Filmmaker and medical doctor Lena Einhorn uses all her scientific skills to elucidate the true story about the historical Jesus, changing, perhaps irrevocably, the study of New Testament history and the way we see the relationship between Jesus and the apostle Paul.
About the Author
Many of Lena Einhorn’s films have dealt with ancient historical mysteriesthe origins of the Finnish language, the origin of the Indo-Europeans, and the story of the Exodus out of Egypt and the origins of the Israelites. She is best known in North America for her film Nina's Journey, about her mother's life in the Warsaw ghetto and time spent in hiding during World War II, which won top prizes in Sweden and Israel.
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The Jesus MysteryAstonishing Clues to the True Identities of Jesus and Paul
By Einhorn, Lena
The Lyons PressCopyright © 2007 Einhorn, Lena
All right reserved.
There were always historians who said it could not be done because of historical problems. There were always theologians who said it should not be done because of theological objections. And there were always scholars who said the former when they meant the latter
John Dominic Crossan: The Historical Jesus, 1991[i]
This story, if such it can be called, has been within me for many years, to be more precise for twenty-five years. Yet I have not written it earlier, or in any other way attempted to give it form. One can well ask why, as it lies close to what I have previously worked with.
Some years ago my colleague Bengt Berg and I made a series of documentary films that we called From the Shadows of the Past. The series, which consisted of three parts, dealt with some historical mysteries that researchers – with varying success – have devoted themselves to solving. We looked at the origins of the Finnish language and the Finnish myths, we looked at research on the origin of the Indo-Europeans, and we looked at the story of the Exodus out of Egypt and the origins of the Israelites. Specially the last programme has great parallels with the issues raised in this book: they both concern central religious figures whose personal lives, despite theirmonumental role in three world religions, to a great degree were ignored by contemporary history. Who actually was the new born boy that Pharaoh’s daughter is said to have found in the rushes (and that, as one myth has it, she is said to have come across after having first lived in isolation for nine months)? Is there any equivalent to the Exodus, the migration of the Israelites out of Egypt, in the otherwise fairly well documented Egyptian history? Is there any description at all of a people that could correspond to the Israelites? And is there, in Egyptian history, any equivalent to the person called Moses?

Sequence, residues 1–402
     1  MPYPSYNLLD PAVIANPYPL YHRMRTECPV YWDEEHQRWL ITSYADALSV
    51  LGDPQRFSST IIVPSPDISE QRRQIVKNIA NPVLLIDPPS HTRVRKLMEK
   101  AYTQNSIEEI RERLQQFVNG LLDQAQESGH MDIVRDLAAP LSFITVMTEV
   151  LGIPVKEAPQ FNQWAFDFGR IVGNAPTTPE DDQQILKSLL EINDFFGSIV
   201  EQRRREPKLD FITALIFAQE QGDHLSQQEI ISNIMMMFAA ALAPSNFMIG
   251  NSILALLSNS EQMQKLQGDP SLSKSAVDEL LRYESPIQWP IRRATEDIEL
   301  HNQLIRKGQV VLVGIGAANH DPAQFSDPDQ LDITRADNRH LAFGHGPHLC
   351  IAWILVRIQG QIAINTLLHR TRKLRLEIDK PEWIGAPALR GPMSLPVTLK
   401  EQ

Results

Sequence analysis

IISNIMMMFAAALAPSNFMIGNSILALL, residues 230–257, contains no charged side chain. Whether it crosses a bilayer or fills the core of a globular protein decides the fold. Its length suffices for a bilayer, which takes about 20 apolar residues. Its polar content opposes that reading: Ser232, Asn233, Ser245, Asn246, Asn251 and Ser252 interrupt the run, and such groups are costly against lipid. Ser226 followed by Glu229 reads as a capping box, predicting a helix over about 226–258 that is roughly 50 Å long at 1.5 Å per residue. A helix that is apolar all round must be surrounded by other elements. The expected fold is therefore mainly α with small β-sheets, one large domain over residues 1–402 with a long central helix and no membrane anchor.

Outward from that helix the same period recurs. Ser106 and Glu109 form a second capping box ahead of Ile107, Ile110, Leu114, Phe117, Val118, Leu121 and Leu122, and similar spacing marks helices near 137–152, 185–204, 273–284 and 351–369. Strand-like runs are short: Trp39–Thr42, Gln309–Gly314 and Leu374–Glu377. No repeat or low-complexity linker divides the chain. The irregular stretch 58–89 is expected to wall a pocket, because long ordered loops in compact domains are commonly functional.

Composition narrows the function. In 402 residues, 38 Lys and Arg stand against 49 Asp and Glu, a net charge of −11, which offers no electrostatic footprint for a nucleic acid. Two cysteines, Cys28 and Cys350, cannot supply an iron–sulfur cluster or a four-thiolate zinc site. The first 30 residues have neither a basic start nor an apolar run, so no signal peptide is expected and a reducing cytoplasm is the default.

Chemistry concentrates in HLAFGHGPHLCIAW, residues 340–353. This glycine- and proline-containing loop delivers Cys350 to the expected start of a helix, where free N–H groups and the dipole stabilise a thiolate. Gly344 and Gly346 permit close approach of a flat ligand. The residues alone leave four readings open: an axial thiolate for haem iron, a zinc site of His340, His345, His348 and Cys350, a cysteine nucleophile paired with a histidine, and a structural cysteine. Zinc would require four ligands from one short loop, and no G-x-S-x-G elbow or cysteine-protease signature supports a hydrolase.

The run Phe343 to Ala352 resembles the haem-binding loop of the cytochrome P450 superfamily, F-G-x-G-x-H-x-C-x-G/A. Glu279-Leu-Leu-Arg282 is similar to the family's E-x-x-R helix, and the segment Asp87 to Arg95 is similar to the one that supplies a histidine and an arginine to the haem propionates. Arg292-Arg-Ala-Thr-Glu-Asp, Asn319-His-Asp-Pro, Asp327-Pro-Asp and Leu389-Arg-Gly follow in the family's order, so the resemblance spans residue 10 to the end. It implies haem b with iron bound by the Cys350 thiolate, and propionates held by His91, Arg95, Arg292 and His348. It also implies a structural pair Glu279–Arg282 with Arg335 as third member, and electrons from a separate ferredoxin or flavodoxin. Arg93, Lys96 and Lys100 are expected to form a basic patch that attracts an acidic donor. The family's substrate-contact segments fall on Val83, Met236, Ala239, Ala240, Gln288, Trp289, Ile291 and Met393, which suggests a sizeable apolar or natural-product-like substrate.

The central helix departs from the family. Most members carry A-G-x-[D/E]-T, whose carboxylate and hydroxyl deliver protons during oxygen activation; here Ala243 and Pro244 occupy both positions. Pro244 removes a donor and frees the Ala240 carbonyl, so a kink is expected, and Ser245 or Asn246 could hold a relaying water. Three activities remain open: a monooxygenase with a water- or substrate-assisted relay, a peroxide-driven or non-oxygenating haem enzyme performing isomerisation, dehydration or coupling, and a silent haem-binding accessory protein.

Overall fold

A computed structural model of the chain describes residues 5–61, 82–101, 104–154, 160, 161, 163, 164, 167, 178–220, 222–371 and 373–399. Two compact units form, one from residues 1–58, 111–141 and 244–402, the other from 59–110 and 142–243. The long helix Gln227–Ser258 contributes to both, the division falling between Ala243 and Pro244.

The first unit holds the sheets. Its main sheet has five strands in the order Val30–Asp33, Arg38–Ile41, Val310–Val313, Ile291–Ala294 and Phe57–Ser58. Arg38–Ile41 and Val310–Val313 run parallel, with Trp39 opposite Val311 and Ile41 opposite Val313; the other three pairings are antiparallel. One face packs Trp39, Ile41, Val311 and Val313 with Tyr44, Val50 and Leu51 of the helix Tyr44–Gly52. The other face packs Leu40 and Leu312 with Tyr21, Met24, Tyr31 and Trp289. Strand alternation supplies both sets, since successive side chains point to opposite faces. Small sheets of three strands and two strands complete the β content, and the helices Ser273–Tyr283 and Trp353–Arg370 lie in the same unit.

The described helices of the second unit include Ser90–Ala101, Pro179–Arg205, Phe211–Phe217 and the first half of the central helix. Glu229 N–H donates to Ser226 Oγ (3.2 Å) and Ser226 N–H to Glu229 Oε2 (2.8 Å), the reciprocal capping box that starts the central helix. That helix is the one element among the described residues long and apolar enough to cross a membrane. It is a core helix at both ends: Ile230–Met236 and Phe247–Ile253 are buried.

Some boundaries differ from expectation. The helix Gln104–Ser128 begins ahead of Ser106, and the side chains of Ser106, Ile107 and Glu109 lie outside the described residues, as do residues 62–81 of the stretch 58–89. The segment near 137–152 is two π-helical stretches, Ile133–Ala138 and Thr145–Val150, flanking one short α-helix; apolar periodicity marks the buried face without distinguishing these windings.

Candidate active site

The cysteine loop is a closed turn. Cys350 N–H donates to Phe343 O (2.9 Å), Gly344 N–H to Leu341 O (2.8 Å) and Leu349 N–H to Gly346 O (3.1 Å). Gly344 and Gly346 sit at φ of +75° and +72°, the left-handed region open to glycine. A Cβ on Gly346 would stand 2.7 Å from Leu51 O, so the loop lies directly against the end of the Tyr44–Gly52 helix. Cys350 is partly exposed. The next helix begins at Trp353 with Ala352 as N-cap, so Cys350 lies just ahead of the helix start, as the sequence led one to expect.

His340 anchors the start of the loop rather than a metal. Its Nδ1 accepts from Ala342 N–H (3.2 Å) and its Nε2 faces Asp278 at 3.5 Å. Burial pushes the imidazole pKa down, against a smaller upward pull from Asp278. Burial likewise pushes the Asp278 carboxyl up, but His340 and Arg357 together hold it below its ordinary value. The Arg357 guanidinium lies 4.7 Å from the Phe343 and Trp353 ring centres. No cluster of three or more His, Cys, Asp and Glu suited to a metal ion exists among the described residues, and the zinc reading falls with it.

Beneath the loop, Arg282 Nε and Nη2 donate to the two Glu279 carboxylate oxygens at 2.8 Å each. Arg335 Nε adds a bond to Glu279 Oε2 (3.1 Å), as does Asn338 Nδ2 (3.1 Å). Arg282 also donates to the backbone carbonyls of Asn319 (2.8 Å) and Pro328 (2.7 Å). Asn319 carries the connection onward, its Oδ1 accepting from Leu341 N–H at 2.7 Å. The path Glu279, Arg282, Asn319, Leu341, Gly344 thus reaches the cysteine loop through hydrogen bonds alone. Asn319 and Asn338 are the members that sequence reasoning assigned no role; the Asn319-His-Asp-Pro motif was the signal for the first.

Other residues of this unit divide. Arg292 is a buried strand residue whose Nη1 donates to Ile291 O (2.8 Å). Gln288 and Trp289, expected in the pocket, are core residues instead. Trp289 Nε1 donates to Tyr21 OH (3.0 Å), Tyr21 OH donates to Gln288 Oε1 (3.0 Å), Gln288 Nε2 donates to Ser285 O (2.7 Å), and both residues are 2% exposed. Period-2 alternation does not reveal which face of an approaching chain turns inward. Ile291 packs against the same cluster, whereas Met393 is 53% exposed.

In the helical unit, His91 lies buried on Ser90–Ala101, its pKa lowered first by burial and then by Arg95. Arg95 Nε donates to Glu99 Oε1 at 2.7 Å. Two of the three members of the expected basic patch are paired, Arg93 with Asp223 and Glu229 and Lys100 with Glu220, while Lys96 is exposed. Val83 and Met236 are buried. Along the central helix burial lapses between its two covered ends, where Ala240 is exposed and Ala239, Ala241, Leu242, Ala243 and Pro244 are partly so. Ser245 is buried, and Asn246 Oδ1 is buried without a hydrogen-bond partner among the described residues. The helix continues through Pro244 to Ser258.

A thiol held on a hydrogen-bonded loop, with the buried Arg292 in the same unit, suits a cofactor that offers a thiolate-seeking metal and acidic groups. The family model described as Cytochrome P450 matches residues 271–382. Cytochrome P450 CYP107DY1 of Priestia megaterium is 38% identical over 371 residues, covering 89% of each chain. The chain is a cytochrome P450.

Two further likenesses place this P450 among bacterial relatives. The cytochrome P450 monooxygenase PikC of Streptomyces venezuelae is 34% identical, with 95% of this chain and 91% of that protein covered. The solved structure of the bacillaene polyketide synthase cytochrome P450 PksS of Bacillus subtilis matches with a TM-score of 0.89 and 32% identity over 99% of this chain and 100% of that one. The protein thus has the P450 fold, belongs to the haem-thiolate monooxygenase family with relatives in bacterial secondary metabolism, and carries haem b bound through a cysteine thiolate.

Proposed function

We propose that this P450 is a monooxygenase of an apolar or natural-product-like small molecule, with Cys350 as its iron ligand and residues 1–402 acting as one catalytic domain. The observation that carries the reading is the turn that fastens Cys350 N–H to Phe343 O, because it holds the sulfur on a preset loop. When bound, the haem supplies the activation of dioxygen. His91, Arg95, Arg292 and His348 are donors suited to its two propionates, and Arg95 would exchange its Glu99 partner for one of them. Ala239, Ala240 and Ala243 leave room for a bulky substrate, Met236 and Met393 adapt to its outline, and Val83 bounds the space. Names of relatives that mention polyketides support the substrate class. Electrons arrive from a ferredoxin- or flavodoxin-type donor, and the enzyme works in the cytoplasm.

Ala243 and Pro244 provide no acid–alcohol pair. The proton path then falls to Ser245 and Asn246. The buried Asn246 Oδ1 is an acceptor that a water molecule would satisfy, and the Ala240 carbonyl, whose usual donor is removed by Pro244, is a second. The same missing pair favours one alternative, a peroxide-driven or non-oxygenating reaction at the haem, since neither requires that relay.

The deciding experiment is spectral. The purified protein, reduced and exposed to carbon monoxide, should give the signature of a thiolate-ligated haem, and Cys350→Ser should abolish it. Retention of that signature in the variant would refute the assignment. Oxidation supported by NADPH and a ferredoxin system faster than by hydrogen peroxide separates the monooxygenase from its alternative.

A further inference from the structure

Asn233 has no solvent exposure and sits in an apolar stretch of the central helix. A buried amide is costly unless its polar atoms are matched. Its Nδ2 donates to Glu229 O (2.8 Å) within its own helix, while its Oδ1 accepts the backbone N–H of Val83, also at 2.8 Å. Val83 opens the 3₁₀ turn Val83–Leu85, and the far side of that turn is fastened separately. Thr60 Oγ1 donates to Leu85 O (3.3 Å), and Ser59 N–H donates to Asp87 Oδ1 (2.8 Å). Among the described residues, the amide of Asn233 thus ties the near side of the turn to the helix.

I am irresistibly attracted to the mysterious, or rather to the reality behind the mysterious. And above all I am tempted by that which has been hidden by time, by that which lies partly hidden in the obscurity of the past, but which lets some clues through to the present. I try, in as much as I have the opportunity, to unravel the past with all the means at my disposal: the actual existing, scientifically verifiable, historical knowledge we have of the time and the setting; the parallel tales or legends that are available, and which can shed light upon each other; the psychological inducements that may have formed the basis for the actions of the actors. In short: the eternal – and sometimes dangerous – cliché that there is often a grain of truth in that which is indistinct, is what spurs me on in my curiosity. The question being, what is that grain?
And it is just such a fascination that I have long felt for Jesus of Nazareth. I have been fascinated by the reality behind the text, the historical person behind the stories and the religious concepts. I have long been astonished by certain circumstances which make the story of Jesus, or rather the search for the historical truth behind the story, so incredibly tempting. But despite that, I have never written anything down. Despite that, I didn’t include the story of Jesus of Nazareth in the series From the Shadows of the Past. Why not? Because it felt like a taboo.
Jesus arouses feelings, in a way that Moses never has done – although both are religious personalities. Perhaps it is because Jesus, according to Christianity, is the son of God, and in accordance with the doctrine of the Trinity himself God, while Moses despite his prominent position in the Old Testament has never been anything but a human being. Perhaps it is on account of the two-thousand-year old religious tensions that have their origins in faith, or the rejection of faith, in Jesus as the Messiah. Perhaps it is simply on account of Jesus’ fundamental importance to the Christian believer; the close relationship between faith in him – as the son of God, resurrected from the dead – and the religious experience.